Just to add an editor’s perspective even though it partially duplicates the other answers:
Having seen the effect of preferred reviewers in the journal where I serve, I am not altogether happy about these options. The non-preferred category is one that I take seriously because conflicts can lead to bad or poor reviews for reasons other than the science. My problem is instead with the preferred reviewers.
When I assign reviewers I basically steer clear of the preferred reviewers as a rule. In the past when I have selected from this list, I have been extremely disappointed. Almost exclusively I have received accept reviews (accompanied by rejects from other reviewers), which I have been forced to deem practically useless and look for additional reviewers. I do not mean to say that all persons put on these lists provide poor reviews, but what I perceive as the original purpose namely to provide examples of names of persons whose objective opinion the author highly values is rapidly being drowned by names of friends. This has led me to stay clear of this list unless I myself recognize a name as somebody with integrity. I will nevertheless scrutinize that review with a hint of suspicion based on the experience I have. One way to avoid this could be to add a line or two stating why you have selected these names as preferred. This would help evaluate the usefulness of such reviewers. Sadly many submission systems do not allow for such comments except in the submission letter.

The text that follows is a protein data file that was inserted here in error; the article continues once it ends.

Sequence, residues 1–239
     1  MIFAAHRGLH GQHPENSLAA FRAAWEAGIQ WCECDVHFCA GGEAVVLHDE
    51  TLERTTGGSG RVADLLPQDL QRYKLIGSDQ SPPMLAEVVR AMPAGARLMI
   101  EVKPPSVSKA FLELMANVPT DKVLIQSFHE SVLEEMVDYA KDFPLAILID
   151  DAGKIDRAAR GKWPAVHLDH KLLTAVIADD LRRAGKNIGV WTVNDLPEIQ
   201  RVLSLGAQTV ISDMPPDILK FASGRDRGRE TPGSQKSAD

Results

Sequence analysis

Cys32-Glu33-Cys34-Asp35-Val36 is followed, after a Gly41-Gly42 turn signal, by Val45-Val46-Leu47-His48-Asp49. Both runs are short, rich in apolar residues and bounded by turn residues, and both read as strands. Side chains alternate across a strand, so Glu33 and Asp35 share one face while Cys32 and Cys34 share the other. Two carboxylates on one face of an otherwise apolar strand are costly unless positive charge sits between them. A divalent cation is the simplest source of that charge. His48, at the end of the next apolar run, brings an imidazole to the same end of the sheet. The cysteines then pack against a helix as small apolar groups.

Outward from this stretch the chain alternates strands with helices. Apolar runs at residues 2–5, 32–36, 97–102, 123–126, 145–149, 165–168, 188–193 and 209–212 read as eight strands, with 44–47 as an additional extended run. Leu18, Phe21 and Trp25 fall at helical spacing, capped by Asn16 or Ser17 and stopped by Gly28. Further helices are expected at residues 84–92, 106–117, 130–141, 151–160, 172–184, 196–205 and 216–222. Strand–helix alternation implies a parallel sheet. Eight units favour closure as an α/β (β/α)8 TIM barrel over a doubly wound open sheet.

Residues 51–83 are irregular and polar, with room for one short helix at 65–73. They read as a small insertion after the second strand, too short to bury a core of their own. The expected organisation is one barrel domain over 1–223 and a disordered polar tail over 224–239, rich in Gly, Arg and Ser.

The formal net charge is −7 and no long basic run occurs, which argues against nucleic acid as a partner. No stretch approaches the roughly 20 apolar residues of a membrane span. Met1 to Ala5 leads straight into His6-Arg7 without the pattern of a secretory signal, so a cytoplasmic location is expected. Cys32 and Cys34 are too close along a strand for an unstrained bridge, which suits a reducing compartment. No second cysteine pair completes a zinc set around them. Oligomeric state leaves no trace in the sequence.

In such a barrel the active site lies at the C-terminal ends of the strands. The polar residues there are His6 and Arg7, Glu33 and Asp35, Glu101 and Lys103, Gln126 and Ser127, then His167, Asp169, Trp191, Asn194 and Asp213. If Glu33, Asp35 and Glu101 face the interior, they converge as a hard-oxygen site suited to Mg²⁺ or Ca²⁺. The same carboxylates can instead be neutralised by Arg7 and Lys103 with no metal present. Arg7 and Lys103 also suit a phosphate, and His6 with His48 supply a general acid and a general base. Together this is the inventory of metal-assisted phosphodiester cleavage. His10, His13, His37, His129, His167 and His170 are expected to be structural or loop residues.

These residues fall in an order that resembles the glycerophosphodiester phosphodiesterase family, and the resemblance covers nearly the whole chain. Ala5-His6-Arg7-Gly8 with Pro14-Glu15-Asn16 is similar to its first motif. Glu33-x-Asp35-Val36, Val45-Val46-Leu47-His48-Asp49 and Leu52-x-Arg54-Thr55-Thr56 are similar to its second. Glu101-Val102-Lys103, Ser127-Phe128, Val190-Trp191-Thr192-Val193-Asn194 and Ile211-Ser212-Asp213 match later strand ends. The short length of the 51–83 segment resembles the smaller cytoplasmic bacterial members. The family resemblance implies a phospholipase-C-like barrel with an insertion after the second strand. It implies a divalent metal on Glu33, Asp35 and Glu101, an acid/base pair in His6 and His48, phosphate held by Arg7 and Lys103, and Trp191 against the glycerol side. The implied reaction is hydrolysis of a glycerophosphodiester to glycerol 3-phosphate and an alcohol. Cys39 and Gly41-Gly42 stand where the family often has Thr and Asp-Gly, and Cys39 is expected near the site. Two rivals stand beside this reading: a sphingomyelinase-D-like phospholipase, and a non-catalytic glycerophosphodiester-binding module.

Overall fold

So I agree with the others answers, provide particularly non-preferred names but feel free to add also preferred but do not count on the preferred names to be used.